Multiscale hydrophobic structures using reverse NIL in CNI

CNI User Story

With the launch of our third version of the Compact Nanoimprint Tool, we would like to highlight some of the interesting projects that have been conducted in previous versions of the tool. The CNI gives many possibilities for research and development, both in terms of early stages of nano replication, but also in advanced development of nanoimprinting, hot embossing and more.

Dr. Nikolaos Kehagias has demonstrated several projects with the CNI. Dr. Nikolaos Kehagias is currently a researcher at Nanoscience and Nanotechnology Institute of NCSR Demokritos (Athens, Greece). For 10 years, he was research manager of the nanofabrication/nanoimprint lithography platform of ICN2 in Barcelona. In this position, he was leading the research work related to multiscale hydrophobic structures using Reverse NIL in CNI v2.1. 

Nikolaos Kehagias

Dr. Nikolaos Kehagias, Researcher at Nanoscience and Nanotechnology Institute of NCSR Demokritos (Athens, Greece)

Hierarchical surfaces for enhanced self-cleaning applications

In this study, the research group presented a flexible and adaptable fabrication method to create complex hierarchical structures over inherently hydrophobic resist materials. They analyzed different combinations of hierarchical micro-nanostructures for their application to self-cleaning surfaces and successfully verified their self-cleaning properties.

The research group used CNI and a reverse NIL approach to imprint hexagonal structures (~1 µm wall width) on top of micro pillars (~40 µm diameter). They were able to achieve imprint on the sides of the pillars using PDMS stamps and taking advantage of CNI’s hydrostatic pressure application.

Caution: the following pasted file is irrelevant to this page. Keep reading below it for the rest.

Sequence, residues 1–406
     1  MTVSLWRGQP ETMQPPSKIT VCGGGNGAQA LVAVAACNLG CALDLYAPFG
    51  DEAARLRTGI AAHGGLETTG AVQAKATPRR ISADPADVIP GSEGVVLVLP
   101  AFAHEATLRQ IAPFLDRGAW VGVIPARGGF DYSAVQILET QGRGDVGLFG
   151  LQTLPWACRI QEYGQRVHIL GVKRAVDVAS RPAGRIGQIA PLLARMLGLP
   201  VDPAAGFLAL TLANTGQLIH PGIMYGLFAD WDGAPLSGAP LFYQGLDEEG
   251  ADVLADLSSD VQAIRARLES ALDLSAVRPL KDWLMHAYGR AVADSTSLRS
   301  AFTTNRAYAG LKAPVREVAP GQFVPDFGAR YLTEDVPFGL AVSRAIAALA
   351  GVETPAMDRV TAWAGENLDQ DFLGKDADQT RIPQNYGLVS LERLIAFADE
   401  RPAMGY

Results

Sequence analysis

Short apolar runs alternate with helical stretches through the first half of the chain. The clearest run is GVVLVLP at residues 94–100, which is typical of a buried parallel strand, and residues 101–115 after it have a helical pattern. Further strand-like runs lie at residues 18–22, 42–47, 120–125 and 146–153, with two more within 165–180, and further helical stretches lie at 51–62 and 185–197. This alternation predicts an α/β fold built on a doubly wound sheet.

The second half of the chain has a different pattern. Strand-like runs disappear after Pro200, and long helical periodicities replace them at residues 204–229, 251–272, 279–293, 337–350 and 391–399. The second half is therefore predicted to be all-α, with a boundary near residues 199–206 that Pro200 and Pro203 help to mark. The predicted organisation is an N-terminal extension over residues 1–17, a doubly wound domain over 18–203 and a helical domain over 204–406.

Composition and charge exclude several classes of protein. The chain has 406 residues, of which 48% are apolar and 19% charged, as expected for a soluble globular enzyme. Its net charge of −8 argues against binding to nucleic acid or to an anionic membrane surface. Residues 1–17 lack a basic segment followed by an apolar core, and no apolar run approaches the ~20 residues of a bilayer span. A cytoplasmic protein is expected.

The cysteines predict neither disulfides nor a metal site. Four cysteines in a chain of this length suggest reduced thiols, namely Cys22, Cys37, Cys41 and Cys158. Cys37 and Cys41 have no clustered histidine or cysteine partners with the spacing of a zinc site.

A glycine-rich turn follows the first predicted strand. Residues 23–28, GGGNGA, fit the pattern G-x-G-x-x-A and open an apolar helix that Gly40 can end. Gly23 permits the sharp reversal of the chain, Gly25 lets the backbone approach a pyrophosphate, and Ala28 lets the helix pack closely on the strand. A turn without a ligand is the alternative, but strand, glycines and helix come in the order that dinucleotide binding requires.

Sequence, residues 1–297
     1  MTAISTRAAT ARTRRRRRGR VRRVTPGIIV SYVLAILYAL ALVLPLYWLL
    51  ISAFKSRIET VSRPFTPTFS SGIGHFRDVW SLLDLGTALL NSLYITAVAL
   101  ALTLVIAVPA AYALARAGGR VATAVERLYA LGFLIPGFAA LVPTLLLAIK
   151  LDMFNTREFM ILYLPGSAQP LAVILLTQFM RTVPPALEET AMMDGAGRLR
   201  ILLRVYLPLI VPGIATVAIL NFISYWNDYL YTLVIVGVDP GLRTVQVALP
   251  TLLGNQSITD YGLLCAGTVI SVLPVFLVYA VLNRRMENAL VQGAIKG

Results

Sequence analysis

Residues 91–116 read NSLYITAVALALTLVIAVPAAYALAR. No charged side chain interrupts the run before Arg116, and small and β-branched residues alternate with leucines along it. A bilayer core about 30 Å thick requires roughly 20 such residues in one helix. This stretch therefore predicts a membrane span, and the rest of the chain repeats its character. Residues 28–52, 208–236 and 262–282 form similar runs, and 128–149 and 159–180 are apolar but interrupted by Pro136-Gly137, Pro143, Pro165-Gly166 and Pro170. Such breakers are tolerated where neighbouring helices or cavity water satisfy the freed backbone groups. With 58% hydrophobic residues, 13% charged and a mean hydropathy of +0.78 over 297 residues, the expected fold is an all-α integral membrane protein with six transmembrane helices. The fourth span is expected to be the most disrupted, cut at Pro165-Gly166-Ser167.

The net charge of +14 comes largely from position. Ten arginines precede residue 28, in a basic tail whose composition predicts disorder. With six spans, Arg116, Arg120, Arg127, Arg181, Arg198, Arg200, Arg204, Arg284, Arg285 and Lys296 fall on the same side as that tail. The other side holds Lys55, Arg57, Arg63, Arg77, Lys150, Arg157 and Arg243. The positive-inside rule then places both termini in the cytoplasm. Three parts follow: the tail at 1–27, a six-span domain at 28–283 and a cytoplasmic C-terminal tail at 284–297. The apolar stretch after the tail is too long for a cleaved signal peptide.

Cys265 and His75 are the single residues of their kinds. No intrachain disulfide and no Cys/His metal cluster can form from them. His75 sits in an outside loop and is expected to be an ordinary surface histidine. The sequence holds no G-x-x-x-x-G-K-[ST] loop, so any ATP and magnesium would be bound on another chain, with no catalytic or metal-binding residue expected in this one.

Tilted SEM images showing a hexagonal pattern array conformally imprinted on pre-patterend micro pillars structures using reverse NIL in a CNI tool.

Tilted SEM images showing a hexagonal pattern array conformally imprinted on pre-patterend micro pillars structures using reverse NIL in a CNI tool.

The combination of multiple length scales has proven essential to achieve very good self-cleaning properties. In their paper, they get water contact angles ~120° with microstructures, and ~140° using nanostructures. All of the droplets were pinned to the surface and didn’t roll off, something that is required for the self-cleaning effect. The combination of nano and microstructures yield water contact angles as high as 170° with roll-off angles as low as 7° showing true self-cleaning capabilities.

You can read more in their paper right here
(requires access to IOP Science)

CNI v3.0, nanoimprint tool, 210 mm version
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